Edmund

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Edmund

(ˈɛdmənd)
n
(Biography) Saint, also called Saint Edmund Rich. 1175–1240, English churchman: archbishop of Canterbury (1234–40). Feast day: Nov 16.
Translations
Edmund
Edmond
Edmund

Edmund

[ˈedmənd] NEdmundo
References in periodicals archive ?
After 1250 only a handful of such names remained in general use, in particular Eadweard, Eadmund and Cudbeorh, which was popular in northern England, and Eadgyd, which we know in their later forms of Edward, Edmund, Cuthbert, and Edith.
The details of such an arrangement are, of course, impossible to recover, but they may have revolved around the idea that Athelstan would be king over the southumbrian English but not found his own dynasty and thereby pave the way for his succession by his youngest half-brothers, Eadgifu's sons Eadmund and Eadred.
Edmund defiantly responds to the challenge by stressing his own upright postural positioning and by negating the same words used in Hingwar's demands: "ne abihd neefre eadmund hingware on life" (91).
3) Especially when understood within the framework of the royal vitae of Oswald, Eadmund, Edward, and Kenelm, Havelok the Dane can more appropriately be understood as a hagiographic romance: King Apelwold of England functions as a holy ruler who prefigures the sanctity of the protagonist, while Havelok himself emerges as a Christ-like hero who shares more affinities with Christ and the saints than he does with other romance heroes.
The suffix represented by <es> appears also on genitive forms of the name Eadmund, with deuterotheme cognate with OE mund f.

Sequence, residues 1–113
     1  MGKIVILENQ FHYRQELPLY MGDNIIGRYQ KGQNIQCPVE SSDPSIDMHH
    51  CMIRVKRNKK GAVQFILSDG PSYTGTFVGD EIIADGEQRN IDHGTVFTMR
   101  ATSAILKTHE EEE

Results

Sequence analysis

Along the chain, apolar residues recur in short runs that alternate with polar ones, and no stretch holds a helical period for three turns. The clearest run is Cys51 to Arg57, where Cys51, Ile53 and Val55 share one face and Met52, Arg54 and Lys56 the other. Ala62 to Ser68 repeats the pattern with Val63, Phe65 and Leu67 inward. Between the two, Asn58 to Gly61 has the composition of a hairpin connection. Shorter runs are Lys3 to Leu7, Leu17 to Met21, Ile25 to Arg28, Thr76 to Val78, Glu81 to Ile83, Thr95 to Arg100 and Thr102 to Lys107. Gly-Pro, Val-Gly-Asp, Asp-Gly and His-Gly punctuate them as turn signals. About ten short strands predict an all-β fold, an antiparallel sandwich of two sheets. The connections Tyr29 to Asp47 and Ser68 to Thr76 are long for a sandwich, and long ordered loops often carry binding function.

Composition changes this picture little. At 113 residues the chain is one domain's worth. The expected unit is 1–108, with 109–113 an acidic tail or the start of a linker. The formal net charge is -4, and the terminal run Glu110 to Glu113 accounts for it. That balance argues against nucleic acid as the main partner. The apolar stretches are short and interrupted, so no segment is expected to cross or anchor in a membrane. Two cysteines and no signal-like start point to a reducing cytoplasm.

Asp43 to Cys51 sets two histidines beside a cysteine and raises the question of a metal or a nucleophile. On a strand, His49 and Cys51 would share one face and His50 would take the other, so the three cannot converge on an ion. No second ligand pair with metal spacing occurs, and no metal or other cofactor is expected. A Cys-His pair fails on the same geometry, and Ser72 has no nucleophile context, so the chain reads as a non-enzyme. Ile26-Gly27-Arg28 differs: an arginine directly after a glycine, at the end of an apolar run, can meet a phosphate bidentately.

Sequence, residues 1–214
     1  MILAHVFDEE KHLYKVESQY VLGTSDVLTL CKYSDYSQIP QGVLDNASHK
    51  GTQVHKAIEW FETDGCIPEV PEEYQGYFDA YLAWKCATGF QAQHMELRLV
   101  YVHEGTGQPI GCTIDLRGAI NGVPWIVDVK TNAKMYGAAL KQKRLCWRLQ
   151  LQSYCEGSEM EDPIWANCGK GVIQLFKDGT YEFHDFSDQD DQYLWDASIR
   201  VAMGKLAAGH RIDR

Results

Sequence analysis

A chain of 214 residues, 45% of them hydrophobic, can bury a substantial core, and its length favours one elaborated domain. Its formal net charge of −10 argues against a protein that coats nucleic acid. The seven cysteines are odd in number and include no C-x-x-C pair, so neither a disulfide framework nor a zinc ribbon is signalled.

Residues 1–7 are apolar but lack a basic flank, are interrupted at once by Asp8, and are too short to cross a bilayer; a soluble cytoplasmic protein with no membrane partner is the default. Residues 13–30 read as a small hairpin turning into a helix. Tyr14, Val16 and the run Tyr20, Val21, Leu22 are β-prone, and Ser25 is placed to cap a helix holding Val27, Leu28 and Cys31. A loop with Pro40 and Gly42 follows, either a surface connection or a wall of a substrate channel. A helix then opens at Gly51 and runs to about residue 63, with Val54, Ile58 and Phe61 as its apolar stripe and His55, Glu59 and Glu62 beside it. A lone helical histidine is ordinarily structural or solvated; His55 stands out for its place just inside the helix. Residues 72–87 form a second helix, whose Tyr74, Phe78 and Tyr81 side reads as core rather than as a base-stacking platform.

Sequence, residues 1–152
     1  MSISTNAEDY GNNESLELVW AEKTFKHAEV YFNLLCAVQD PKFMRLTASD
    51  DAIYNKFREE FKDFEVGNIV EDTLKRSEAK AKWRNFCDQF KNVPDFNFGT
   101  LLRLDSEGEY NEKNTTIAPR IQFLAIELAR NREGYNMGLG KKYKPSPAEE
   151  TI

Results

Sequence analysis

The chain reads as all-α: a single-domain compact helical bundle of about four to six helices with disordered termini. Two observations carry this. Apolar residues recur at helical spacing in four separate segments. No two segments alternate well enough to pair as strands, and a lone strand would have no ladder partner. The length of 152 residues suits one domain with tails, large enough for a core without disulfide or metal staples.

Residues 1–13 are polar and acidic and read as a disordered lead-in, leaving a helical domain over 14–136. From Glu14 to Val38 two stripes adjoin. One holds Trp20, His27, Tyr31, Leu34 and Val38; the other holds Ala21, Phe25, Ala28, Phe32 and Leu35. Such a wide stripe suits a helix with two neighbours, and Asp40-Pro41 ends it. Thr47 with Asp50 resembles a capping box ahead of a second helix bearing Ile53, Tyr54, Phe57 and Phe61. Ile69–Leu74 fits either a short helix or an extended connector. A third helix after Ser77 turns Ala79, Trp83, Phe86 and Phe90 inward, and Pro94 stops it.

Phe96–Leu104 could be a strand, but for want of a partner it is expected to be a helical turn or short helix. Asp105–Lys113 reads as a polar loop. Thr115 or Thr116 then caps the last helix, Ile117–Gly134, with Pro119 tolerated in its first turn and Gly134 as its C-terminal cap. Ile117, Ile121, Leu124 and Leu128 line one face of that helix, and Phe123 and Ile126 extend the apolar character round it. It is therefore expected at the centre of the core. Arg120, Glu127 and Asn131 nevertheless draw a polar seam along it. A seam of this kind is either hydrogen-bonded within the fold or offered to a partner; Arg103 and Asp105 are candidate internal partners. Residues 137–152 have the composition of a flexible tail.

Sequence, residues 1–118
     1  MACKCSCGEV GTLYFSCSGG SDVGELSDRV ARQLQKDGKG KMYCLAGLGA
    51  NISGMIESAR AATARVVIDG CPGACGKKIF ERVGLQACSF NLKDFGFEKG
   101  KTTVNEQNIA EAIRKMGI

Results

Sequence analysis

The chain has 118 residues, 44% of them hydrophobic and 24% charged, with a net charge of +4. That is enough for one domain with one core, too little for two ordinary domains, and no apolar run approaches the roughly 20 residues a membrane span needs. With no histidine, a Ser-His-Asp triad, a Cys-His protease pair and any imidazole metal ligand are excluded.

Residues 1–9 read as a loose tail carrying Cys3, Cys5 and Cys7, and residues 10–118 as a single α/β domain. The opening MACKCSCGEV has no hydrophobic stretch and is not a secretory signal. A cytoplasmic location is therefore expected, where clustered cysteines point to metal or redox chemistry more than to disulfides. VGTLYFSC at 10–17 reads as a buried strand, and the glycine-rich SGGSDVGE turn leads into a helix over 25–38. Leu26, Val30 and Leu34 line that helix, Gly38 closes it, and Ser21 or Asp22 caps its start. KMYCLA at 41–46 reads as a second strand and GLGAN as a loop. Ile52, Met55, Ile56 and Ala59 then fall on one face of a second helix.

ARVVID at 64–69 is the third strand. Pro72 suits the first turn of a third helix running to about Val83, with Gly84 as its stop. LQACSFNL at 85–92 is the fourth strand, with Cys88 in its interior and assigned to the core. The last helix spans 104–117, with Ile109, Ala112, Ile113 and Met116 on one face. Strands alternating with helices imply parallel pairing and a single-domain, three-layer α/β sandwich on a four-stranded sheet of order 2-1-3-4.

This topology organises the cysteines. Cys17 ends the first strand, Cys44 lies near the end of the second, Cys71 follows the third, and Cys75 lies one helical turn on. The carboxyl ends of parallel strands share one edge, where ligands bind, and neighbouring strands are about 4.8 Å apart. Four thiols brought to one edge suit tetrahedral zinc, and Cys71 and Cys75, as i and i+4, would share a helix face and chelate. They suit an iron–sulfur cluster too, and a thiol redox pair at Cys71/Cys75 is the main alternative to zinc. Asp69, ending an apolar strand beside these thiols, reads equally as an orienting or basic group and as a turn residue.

His sons were Eadred and Eadmund and his three daughters, Eadburg, Eadgifu, and Eadgyth.
In VIII AEthelred, he writes: "Ac uton don swa us pearf is: uton niman us to bisnan paet aerran worldwitan to raede geraedon, AEpelstan 7 Eadmund 7 Eadgar pe nihst woes, hu hi God weordodon 7 Godes lage heoldon 7 Godes gafel loestan> pa hwile pe hi leofodon" [But let us do as is necessary for us: let us take as our example what earlier worldly authorities advisedly decreed--AEpelstan and Edmund and Edgar who was last--how they worshipped God and held God's law and rendered God's tribute, as long as they lived].
58-68), or St Eadmund the King who is beaten as he stands 'naked and faste i-bounde' (44.
It also includes pastoral letters (including Wulfstan's revised version of AElfric's Pastoral Letter to him); a number of law codes (of AEthelraed and Cnut, interwoven with the non-Wulfstanian codes of Eadgar, Eadmund and AEthelstan); selections from his Institutes of Polity; the Northumbrian Priests' Law (although Wulfstan's authorship of this text is contested) ; his Canons of Edgar, and the prose sections from his Old English translation of the so-called "Benedictine Office.